In the fall of 1947 my oldest brother, newly married and not long out of World War II, began to attend Hastings College on the G.I. Bill. That put Hastings College on the map for our family. Three years later, just before I entered tenth grade, the parental home moved from the edge of a village twenty-five miles away to a second floor apartment in the city of Hastings. There I became a city boy (after all, nearly 20,000 people lived there!), a student at an excellent high school, and a Hastings College prospect. Ten years after my first brother entered Hastings College, I graduated.
In all, five of us six brothers attended Hastings College; the sixth was already in the U.S. Naval Academy when our run on Hastings College began.
Most of the readers of this column have their own "Hastings College" that they remember with gratitude. In no way am I suggesting that mine was superior, but I am guessing that for most of us they were even better than we realized.
Because I lived off campus, College was not the same experience for me as it was for the residential students. But it was my experience. College was financially possible for me because I could live at home. At that time, anything else would have been impossible for us, and I appreciated what I had.
I wasn't much of a student, though. I worked too many hours off campus, and spent too much time acting in the college theater to be that focused as a student. I didn't become a good student until I was in my forties, working on my second graduate degree, and even getting a few "scholarly" articles published because of an editor who liked my stuff. I learned how to be a good student at Hastings, even though I didn't follow through at the time.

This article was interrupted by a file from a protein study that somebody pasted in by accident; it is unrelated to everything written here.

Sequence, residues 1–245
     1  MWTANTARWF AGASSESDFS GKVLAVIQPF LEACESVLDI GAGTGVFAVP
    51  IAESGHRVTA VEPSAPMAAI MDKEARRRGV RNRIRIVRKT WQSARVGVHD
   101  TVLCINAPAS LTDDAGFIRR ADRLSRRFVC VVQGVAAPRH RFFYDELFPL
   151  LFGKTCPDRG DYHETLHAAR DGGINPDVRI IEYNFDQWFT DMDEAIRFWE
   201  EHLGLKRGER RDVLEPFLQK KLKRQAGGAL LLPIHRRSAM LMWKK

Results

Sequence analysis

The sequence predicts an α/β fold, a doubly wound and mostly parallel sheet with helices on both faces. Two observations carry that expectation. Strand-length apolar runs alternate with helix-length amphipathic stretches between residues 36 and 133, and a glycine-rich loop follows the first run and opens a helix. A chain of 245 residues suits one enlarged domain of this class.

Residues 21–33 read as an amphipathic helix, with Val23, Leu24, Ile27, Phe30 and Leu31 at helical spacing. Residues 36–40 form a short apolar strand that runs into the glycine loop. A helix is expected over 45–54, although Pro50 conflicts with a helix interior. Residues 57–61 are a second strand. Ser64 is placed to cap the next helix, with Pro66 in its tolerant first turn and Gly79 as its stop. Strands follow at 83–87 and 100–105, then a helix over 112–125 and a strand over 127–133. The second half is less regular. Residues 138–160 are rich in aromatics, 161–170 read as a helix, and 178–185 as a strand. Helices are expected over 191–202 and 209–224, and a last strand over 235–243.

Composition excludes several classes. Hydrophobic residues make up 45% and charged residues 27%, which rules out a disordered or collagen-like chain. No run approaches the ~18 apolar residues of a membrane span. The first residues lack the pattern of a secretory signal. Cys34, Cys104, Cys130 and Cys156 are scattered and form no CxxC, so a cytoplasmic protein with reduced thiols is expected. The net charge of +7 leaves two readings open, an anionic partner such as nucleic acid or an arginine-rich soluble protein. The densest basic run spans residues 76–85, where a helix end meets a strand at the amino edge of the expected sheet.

I am writing about Nebraska in the 1950's, with the men of the college mostly in denim jeans (called "levis" no matter who made them) and the women dressed to look good in their own eyes and the eyes of the Dean of Women - not to impress or dazzle the men. At least I wasn't impressed or dazzled. They looked like girls were supposed to look, which I found satisfactory.
I'm afraid, twerp that I was – I was barely seventeen when I started college - that I didn't appreciate the qualities of my male classmates. These guys from the sandhills weren't quite cowboys but they sounded like it. Then I passed by the Little Theatre one day, heard classical music that was beyond my capacity to understand much less name, and saw one of those cowboys at the grand piano playing from memory. Nobody else was there. He was playing for himself.
I suspect now that many of those cowboys were the sons of millionaires who had manure on their boots. In Nebraska, the Beef State, the smell of manure is the smell of money.
These are things about Hastings College that I realize now, that I wish I had known then:
- That Hastings College, like most church colleges before federal subsidies began pouring in, was a labor of love for the faculty, administration, churches, and students;
- That the faculty was good; until we went elsewhere to graduate school, we didn't realize how good.
- That the beauty of the campus, though run-down here and there from deferred maintenance, was an achievement, not an accident.
I also couldn't have guessed that the pleasant young man who worked for my oldest brother in the admissions office when I was a junior would become a very long-term member of the House of Representatives – or that the freshman boy whose English themes I was grading would succeed him in Congress.
At our fortieth reunion some of us renewed acquaintance. I realized that in their youth they had been good people, and in their prime they still were. I hope we can see them, and others, at our fiftieth in a couple of years.